I’ve tried a lot of Foursquare rum in the last year. Starting with the Port and Zinfandel cask bottlings, on to the 2004, Premise, then the 2005 (not yet reviewed), and now this collaboration with Habitation Velier on another “single rum” which in this case means it was made at one distillery and one particular pot still. The Back label on the bottle says:

“Foursquare 2013 Single Rum is the result of a collaboration between Richard Seale and Luca Gargano. This is the first time that Foursquare has bottled a rum distilled entirely in the pot still built by Green Engineering and Forsyths. Aged in prime-quality ex-cognac barrels. A world premire.”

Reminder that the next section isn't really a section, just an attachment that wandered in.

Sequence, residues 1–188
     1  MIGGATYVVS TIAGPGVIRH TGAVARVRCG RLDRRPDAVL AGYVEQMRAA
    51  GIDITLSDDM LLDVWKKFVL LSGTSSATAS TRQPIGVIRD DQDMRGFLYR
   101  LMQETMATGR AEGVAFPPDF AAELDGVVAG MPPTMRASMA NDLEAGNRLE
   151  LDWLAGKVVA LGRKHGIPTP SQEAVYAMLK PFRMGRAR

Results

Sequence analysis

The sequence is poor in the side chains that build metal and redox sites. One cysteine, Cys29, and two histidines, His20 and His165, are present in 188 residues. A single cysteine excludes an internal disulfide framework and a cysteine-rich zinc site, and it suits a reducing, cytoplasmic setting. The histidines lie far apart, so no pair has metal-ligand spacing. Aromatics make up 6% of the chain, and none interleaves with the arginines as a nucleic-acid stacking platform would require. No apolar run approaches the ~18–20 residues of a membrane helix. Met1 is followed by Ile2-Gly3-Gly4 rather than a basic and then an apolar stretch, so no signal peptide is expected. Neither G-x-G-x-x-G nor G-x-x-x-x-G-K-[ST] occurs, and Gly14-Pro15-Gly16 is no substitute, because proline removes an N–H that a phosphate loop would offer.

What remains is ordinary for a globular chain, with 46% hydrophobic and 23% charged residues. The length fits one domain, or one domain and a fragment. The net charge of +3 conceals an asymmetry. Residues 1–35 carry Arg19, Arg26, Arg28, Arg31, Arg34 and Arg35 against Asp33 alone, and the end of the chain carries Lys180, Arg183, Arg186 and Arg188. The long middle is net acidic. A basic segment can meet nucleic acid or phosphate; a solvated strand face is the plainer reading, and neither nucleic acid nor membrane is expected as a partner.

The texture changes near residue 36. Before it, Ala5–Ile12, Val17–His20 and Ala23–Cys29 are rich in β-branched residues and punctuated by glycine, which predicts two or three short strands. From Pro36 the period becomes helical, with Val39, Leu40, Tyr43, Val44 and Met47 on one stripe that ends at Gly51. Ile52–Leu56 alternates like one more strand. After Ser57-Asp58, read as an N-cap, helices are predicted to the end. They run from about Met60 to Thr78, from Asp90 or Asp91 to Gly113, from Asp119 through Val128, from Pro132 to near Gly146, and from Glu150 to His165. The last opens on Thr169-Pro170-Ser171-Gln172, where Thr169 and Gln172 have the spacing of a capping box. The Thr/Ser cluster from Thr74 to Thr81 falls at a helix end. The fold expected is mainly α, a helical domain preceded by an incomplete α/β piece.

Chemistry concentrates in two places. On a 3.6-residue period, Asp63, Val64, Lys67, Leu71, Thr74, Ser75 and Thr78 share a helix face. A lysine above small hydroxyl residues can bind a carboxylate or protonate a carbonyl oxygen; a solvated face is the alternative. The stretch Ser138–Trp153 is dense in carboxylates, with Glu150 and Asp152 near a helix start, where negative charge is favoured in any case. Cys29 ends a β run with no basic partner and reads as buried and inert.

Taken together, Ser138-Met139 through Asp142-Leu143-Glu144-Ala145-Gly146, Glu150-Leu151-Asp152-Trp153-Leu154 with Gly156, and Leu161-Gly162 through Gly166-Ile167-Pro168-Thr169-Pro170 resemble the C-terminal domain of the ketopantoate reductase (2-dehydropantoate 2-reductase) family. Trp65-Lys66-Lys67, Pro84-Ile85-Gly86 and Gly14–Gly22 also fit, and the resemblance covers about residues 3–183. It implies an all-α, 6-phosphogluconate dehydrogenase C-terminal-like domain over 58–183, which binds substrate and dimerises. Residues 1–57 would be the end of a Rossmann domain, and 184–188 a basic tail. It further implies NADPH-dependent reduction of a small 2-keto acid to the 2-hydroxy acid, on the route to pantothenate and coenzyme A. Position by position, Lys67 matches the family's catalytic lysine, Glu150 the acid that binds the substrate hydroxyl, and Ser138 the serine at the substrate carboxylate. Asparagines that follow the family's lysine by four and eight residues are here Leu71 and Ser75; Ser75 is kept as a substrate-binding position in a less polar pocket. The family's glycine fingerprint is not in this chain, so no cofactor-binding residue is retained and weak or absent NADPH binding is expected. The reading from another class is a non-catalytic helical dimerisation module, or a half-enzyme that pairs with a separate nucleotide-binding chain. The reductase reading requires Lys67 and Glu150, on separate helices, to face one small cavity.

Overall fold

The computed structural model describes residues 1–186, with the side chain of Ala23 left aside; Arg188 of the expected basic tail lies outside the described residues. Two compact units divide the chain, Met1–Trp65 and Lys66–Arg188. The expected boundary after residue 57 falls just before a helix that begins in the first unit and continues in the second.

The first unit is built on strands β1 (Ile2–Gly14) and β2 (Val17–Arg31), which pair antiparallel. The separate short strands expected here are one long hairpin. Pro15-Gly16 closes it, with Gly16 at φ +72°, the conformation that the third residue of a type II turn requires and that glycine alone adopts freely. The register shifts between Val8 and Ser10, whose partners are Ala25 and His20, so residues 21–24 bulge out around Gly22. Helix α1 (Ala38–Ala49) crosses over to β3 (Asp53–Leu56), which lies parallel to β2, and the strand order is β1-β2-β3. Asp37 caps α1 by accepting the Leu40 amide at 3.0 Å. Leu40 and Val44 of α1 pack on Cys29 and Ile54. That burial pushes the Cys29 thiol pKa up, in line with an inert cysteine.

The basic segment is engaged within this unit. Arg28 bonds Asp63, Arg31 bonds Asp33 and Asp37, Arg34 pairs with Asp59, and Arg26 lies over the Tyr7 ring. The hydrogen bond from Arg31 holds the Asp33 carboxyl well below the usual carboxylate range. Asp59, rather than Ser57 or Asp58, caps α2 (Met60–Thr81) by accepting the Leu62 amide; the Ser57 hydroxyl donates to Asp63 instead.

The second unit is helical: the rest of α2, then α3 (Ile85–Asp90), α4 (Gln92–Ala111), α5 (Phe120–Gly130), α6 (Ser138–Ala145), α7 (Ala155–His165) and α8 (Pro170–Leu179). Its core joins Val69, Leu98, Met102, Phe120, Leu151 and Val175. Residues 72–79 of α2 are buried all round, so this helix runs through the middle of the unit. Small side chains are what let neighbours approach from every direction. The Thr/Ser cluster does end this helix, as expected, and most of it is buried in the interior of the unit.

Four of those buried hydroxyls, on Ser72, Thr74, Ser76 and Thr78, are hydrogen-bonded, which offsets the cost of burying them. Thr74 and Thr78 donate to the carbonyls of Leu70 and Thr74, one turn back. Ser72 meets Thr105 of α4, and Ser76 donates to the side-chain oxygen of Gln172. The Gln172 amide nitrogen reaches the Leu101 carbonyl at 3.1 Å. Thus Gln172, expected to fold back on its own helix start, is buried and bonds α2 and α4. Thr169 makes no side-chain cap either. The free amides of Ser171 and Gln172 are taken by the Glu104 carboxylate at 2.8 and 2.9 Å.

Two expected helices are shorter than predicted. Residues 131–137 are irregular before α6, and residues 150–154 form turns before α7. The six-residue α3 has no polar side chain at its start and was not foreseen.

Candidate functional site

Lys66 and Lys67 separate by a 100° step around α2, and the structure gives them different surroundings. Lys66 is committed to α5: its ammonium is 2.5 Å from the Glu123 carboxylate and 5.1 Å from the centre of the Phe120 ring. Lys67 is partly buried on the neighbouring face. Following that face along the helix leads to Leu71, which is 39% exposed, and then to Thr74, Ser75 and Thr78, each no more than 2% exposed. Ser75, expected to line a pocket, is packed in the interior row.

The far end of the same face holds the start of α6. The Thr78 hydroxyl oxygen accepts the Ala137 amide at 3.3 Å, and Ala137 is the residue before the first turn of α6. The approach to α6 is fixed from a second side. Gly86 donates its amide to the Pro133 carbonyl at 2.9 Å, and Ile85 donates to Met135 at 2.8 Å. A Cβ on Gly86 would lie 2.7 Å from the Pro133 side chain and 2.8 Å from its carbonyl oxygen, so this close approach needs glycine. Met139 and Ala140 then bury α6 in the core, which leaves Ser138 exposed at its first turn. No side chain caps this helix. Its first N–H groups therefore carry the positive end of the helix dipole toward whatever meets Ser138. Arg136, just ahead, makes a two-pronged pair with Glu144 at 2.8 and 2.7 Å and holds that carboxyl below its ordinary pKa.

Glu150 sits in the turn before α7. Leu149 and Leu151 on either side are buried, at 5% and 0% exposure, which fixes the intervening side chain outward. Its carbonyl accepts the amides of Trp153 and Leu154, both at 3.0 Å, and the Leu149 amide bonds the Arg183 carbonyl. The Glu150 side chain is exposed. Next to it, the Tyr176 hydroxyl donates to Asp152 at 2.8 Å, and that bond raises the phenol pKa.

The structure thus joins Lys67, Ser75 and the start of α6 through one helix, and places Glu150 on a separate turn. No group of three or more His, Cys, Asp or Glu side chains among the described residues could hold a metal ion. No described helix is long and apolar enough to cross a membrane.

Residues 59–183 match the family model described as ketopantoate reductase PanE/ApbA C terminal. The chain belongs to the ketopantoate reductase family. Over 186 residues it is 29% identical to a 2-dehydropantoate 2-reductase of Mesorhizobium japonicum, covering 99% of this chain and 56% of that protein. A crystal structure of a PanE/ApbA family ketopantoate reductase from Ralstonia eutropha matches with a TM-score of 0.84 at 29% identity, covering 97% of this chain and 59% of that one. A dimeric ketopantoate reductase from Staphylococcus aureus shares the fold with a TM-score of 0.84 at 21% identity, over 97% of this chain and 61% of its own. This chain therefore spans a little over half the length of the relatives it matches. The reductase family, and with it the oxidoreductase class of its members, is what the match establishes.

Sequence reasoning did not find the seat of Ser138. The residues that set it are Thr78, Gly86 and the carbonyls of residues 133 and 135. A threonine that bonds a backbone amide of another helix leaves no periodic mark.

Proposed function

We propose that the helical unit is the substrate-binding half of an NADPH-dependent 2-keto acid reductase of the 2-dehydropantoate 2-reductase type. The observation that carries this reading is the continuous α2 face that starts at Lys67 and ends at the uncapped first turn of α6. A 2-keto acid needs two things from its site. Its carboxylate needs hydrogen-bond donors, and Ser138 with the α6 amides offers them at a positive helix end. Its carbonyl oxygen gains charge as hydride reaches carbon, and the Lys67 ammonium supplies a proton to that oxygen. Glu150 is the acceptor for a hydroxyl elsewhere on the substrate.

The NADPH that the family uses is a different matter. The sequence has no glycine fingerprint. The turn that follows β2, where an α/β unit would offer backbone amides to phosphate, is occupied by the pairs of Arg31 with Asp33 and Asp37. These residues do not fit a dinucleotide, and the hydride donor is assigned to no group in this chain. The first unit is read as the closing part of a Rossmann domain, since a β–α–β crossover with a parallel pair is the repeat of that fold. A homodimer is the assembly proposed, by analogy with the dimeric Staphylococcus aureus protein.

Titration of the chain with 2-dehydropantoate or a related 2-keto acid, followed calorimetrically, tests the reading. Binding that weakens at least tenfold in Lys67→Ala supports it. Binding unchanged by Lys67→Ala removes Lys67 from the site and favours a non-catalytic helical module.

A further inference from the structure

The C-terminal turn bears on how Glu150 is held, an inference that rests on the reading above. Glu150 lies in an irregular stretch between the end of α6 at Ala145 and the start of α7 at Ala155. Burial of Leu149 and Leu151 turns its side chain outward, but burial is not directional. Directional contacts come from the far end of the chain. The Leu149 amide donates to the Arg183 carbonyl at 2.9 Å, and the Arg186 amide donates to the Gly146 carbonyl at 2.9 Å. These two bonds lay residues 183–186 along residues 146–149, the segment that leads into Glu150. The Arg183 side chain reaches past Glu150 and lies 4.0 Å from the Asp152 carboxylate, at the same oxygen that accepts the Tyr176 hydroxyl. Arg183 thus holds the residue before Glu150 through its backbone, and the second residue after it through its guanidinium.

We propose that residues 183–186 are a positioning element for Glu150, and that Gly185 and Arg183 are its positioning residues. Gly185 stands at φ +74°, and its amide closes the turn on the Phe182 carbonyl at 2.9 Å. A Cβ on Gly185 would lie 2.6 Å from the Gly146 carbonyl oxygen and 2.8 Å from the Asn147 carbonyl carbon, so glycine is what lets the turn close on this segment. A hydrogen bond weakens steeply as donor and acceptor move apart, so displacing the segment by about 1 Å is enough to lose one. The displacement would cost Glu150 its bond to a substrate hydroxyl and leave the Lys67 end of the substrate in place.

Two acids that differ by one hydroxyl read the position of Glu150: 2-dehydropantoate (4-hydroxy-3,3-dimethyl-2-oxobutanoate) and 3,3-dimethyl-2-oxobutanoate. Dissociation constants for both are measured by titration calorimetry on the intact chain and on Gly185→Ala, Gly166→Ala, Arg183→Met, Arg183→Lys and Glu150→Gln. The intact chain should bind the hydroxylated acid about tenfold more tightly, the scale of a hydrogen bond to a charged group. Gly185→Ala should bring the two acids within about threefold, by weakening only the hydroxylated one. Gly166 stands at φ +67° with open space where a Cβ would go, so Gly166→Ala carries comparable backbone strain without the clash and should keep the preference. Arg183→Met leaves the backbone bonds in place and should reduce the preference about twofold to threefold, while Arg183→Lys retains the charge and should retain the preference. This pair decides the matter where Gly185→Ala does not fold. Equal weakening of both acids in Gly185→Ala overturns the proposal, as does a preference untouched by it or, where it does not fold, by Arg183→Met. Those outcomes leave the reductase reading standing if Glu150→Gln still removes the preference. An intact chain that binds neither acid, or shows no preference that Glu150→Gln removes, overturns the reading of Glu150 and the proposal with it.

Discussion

The front label says a lot too. I have included a larger picture so the detail can be appreciated. Foursquare has been doing a lot of these special bottlings from special barrels. Port, Zinfandel, Sherry (the Premise) and now Cognac barrels. Each one is spectacular and so far every one I’ve tried has been better than the last!

Not only great barrels, but this offering is “cask strength” bottled at the alcohol percentage as it comes from the barrel after two years (clearly stated on the label) having experienced 15% evaporation (the “angel’s share”) in tropical aging. The note about the tropics is important because rum ages (and evaporates from the barrels) faster in the tropics. Two years of aging in the tropics would be equivalent to four or five years in a temperate climate. The rum comes to us from the cask at 64% ABV, a potent offering.